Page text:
The proposed merger of Boeing Co. and McDonnell Douglas Corp. could lead to an unprecedented showdown between U.S. and European antitrust authorities. On May 21, the European Union issued a "statement of objections" on the deal--a first step toward blocking it later this summer. The U.S. Federal Trade Commission is expected to approve the merger. If the EU rules against it, the U.S. may retaliate by slapping tariffs on European aerospace rival Airbus Industrie--or other trade war-style tactics.
What's disheartening about this debate is its hypocrisy. While pretending to defend competition in commercial aviation, a truly global industry, Brussels and Washington continue to protect national interests. The problem is that antitrust law has not kept up with the globalizing economy. Although the idea has been discussed for years, the world still lacks a neutral antitrust enforcer authorized to make professional decisions based on a single set of internationally agreed-upon rules.
If ever a case needed international review, Boeing-McDonnell is it. The $14 billion combination would leave only two civil aircraft makers, Boeing-McDonnell and Airbus. And few industries are as global as commercial aircraft. Airlines now buy planes from just three companies. Last year, Boeing had about 65% of the market, Airbus had 31%, and St. Louis-based McDonnell Douglas the remaining 4%.
WORRIED. The EU's Commissioner for Competition, Karel van Miert, argues that a merger would increase Boeing-McDonnell's market share in Europe to a level that, according to EU regulations, would "impede effective competition" there. FTC Chairman Robert Pitofsky, meanwhile, will probably claim that the combination would scarcely change the competitive landscape for commercial aircraft, since McDonnell Douglas is such a weak player.
The U.S. is irked by the muscle-flexing of European trustbusters. But America is just as guilty. For years, U.S. antitrust authorities have insisted on the right to extend U.S. law to foreign companies overseas when the activity affects U.S. consumers. Last December, for example, the FTC required Swiss pharmaceutical makers Ciba-Geigy Ltd. and Sandoz Ltd. to divest some U.S.-based operations before merging so the combined company wouldn't dominate research and development for gene therapy. Now, the Americans are worried that the EU wants to exercise the same extraterritorial prerogatives.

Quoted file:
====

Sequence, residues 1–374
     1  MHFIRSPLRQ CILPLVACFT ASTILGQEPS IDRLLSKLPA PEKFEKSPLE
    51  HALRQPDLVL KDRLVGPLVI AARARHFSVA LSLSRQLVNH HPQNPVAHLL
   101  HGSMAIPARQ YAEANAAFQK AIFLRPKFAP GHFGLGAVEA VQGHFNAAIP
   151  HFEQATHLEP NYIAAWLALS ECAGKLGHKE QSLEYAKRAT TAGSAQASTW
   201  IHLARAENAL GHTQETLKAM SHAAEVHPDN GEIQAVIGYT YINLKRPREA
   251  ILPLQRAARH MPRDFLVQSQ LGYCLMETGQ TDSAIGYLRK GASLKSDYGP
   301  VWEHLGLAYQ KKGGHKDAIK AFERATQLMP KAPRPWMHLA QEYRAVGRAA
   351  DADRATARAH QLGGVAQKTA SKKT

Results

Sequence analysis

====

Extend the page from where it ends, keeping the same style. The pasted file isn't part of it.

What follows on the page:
Of course, the U.S. has reasons to push through the merger. The Pentagon, facing cutbacks in weapons spending, has encouraged consolidation of the defense industry to improve its efficiency. A combined Boeing-McDonnell would be a strong competitor to rivals Lockheed Martin Corp. and Northrop Grumman Corp.
Meanwhile, many aircraft-industry analysts think the EU's complaints about the Boeing-McDonnell merger are just a ploy to protect Airbus. Indeed, the EU's van Miert may have difficulty proving that McDonnell would increase Boeing's civil-aircraft market share by much. But van Miert is worried by Boeing's exclusive contracts with American Airlines Inc. and Delta Air Lines Inc.--and, recently, a possible deal with Continental Airlines--under which the carriers pledge to buy only from Boeing over the next 20 years.
Skeptics of the EU's motives say the Europeans are using antitrust concerns as a lever to win concessions on the trade front--namely, an increase in Airbus subsidies. "Why not just come out and say it's a quid pro quo?" asks James McAleese Jr., an international business lawyer in McLean, Va. Such accusations are "on the verge of bad taste," sniffs an affronted EU official. Maintains van Miert: "Our analysis of the Boeing-McDonnell Douglas file is conducted strictly on the basis of the European merger regulation and nothing else."
In theory, the Boeing-McDonnell review could be a chance to advance the cause of worldwide trustbusting--and perhaps of creating a global antitrust body. As a first step, trustbusters should cooperate more. That will prove ever more important as global competition spurs more megamergers. Antitrust should not be a stalking horse for economic nationalism. When that happens, the first casualty is competition.